Testimony from Emilio Gonzalez, USCIS Director, at a hearing on March 27, 2007, on immigration reform and temporary workers before the House Subcommittee on Homeland Security is available at http://www.uscis.gov/ .
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2. I-9 Forms Have Expired – But Keep Using Them.
The current Employment Eligibility Verification Form (I-9) has expired. Until a revised form is published and made available, employers may continue to use the expired version. The revised form will be available on the U.S. Citizenship and Immigration Services’ web site.
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3. H-2B Cap Reached
U.S. Citizenship and Immigration Services (USCIS) announced on March 23, 2007, that it has received a sufficient number of petitions to reach the congressionally mandated H-2B cap for the final six months of fiscal year 2007. March 16, 2007, is the “final receipt date” for new H-2B worker petitions requesting employment start dates before October 1, 2007. The final receipt date is the date on which USCIS determines that it has received enough cap-subject petitions to reach the limit of 33,000 H-2B workers for the second half of FY 2007.USCIS will reject petitions for new H-2B workers seeking employment start dates before October 1, 2007, that arrived after March 16, 2007.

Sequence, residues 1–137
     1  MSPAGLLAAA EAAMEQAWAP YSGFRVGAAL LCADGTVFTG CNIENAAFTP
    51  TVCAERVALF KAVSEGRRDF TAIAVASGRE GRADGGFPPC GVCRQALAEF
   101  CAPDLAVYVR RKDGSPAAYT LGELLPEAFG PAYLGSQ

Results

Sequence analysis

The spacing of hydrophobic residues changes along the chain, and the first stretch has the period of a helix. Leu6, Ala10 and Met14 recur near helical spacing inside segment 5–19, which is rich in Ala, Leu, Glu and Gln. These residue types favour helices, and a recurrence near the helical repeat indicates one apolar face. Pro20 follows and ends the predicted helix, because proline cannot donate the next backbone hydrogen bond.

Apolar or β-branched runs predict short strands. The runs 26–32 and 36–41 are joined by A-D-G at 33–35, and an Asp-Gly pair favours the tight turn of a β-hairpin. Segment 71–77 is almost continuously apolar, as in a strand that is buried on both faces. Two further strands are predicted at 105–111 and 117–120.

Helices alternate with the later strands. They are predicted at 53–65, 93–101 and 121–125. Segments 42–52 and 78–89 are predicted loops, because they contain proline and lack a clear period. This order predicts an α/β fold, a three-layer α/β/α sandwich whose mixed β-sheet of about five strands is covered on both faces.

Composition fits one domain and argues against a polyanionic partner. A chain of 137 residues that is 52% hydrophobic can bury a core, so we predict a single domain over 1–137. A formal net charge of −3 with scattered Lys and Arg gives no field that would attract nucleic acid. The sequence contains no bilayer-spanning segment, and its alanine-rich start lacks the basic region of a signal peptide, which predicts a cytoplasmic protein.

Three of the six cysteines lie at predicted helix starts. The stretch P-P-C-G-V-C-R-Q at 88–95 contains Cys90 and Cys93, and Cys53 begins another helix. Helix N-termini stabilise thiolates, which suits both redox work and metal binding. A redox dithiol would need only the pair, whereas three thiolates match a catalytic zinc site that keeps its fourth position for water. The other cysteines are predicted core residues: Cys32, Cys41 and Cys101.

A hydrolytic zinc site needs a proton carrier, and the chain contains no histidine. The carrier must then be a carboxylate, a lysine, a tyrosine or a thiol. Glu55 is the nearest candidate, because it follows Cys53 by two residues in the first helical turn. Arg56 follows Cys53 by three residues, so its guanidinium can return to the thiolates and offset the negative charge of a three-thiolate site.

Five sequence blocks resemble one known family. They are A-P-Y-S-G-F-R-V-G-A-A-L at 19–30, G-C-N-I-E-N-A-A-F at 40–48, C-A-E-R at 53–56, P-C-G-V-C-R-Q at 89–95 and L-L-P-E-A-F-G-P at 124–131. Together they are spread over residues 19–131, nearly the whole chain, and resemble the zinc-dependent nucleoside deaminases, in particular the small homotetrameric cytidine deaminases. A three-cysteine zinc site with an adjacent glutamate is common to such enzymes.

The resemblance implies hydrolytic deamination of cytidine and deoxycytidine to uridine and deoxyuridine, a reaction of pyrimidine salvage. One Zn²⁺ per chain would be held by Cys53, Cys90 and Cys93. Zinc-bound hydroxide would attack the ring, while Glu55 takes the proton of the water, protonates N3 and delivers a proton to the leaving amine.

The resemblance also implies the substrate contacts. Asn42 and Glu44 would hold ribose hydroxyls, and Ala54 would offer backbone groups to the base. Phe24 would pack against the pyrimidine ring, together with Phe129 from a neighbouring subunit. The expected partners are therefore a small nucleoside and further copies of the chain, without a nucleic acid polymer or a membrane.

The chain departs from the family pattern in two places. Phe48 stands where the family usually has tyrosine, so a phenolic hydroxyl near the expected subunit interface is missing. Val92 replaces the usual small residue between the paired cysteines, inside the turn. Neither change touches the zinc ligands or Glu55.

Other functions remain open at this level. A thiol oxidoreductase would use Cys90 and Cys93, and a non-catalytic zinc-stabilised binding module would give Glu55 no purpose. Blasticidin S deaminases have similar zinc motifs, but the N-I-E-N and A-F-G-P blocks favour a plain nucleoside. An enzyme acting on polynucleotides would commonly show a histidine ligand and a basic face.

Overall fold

Petitions for both current and returning H-2B workers do not count toward the congressionally mandated biannual H-2B cap, USCIS noted. To qualify as a returning worker, the worker must have counted against the H-2B numerical cap between October 1, 2003, and September 30, 2006. USCIS said it would reject petitions received after the final receipt date that contain a combination of returning workers and workers subject to the H-2B cap. Petitioning employers will receive partial approvals for those who qualify as returning workers if otherwise approvable.
USCIS will continue to process petitions filed to:
• Extend the stay of a current H-2B worker in the U.S.;
• Change the terms of employment for current H-2B workers and extend their stay;
• Allow current H-2B workers to change or add employers and extend their stay; or
• Request eligible H-2B “returning workers.”